The “Charlie-Hebdo” Effect: Repercussions of the January 2015 Terrorist Attacks in France on Prejudice toward Immigrants and North-Africans, Social Dominance Orientation, and Attachment to the Principle of Laïcité

Abstract : Between January 7 and 9, 2015, a succession of terrorist attacks in France shocked the whole world. Public reaction was strong, as was demonstrated by the huge turnout for the “marches for the Republic” held on January 10 and 11. The present paper is based on data collected from 162 participants just before the January 2015 attacks and during two successive two-week periods immediately after the attacks. Our objective was to determine whether the attacks led to an increase, even temporarily, in prejudice, social dominance orientation (SDO), and attachment to the principle of laïcité. Results showed a short-lived increase in prejudice against immigrants and North-Africans during the two weeks following the attacks, but no increase in SDO or attachment to the principle of laïcité. Contrary to our expectations, we found a substantial decrease in attachment to the principle of laïcité during the third data collection period (between two and four weeks after the attacks) compared with the first two periods. We discuss these results in the light of the social psychology literature on the effects of terrorist attacks on the perceptions and attitudes of citizens of the countries targeted.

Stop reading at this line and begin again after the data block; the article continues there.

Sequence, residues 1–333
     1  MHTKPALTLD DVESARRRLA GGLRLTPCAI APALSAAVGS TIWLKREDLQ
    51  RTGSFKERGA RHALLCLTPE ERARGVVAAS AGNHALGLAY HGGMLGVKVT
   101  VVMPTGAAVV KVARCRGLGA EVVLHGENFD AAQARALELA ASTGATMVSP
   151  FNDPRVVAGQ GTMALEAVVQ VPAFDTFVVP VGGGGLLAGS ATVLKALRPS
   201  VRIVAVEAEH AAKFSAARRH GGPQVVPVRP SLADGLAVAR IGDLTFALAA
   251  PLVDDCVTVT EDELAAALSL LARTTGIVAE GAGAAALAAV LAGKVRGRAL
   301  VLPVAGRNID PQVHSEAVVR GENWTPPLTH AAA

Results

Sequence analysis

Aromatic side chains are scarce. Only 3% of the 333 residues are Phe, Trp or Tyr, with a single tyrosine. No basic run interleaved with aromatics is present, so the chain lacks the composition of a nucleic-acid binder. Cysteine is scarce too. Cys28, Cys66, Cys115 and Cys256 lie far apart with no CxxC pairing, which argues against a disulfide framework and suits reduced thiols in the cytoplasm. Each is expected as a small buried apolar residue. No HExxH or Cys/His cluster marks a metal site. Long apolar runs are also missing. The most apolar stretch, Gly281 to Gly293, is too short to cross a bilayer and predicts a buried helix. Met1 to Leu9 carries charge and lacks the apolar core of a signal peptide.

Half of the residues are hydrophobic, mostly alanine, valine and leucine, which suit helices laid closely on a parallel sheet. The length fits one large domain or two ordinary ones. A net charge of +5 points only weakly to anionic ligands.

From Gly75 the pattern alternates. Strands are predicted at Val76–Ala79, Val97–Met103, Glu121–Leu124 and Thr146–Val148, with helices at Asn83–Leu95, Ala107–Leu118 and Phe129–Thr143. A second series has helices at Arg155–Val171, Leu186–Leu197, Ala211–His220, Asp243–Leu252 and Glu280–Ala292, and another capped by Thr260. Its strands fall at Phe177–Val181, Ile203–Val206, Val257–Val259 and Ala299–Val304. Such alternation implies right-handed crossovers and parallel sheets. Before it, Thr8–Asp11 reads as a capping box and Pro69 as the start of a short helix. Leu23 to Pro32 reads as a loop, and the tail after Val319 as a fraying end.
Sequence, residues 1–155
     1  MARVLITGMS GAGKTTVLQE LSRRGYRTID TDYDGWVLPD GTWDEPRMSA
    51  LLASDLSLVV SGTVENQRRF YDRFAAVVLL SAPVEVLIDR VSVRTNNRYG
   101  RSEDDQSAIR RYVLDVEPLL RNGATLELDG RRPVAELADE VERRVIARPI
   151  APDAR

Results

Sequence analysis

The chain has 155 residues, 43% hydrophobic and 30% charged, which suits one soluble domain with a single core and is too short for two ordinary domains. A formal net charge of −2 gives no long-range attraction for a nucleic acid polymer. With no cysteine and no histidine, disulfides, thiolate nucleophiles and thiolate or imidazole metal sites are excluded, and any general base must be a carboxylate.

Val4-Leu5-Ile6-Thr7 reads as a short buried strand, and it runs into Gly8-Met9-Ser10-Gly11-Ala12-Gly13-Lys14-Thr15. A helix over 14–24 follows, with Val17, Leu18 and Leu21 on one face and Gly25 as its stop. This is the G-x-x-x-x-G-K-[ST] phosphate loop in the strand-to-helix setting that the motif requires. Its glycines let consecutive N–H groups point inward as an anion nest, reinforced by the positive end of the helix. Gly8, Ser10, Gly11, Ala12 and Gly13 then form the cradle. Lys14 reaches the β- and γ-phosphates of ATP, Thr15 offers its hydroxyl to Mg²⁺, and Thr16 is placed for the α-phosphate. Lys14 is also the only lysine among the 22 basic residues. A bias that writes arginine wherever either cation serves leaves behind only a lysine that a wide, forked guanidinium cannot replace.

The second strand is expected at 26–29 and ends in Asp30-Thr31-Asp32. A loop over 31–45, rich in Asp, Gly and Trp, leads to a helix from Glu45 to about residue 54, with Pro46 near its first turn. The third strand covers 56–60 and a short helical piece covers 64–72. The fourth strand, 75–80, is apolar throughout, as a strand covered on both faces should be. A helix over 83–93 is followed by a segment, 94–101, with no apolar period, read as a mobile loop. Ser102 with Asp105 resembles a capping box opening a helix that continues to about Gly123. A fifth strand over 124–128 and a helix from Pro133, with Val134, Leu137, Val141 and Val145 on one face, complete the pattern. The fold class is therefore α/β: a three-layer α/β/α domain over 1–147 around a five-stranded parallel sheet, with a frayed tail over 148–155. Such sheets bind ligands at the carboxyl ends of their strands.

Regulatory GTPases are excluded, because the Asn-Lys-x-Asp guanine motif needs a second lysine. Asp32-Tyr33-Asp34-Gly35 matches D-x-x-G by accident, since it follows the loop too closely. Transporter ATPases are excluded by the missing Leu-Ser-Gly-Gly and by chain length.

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Submitted on : Monday, March 5, 2018 - 2:00:05 PM
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  • HAL Id : hal-01723233, version 1

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Medhi Cohu, Christelle Maisonneuve. The “Charlie-Hebdo” Effect: Repercussions of the January 2015 Terrorist Attacks in France on Prejudice toward Immigrants and North-Africans, Social Dominance Orientation, and Attachment to the Principle of Laïcité. Revue Internationale de Psychologie Sociale = International review of social psychology, Presses Universitaires de Grenoble, 2016, 29 (1), pp.50-58. ⟨hal-01723233⟩

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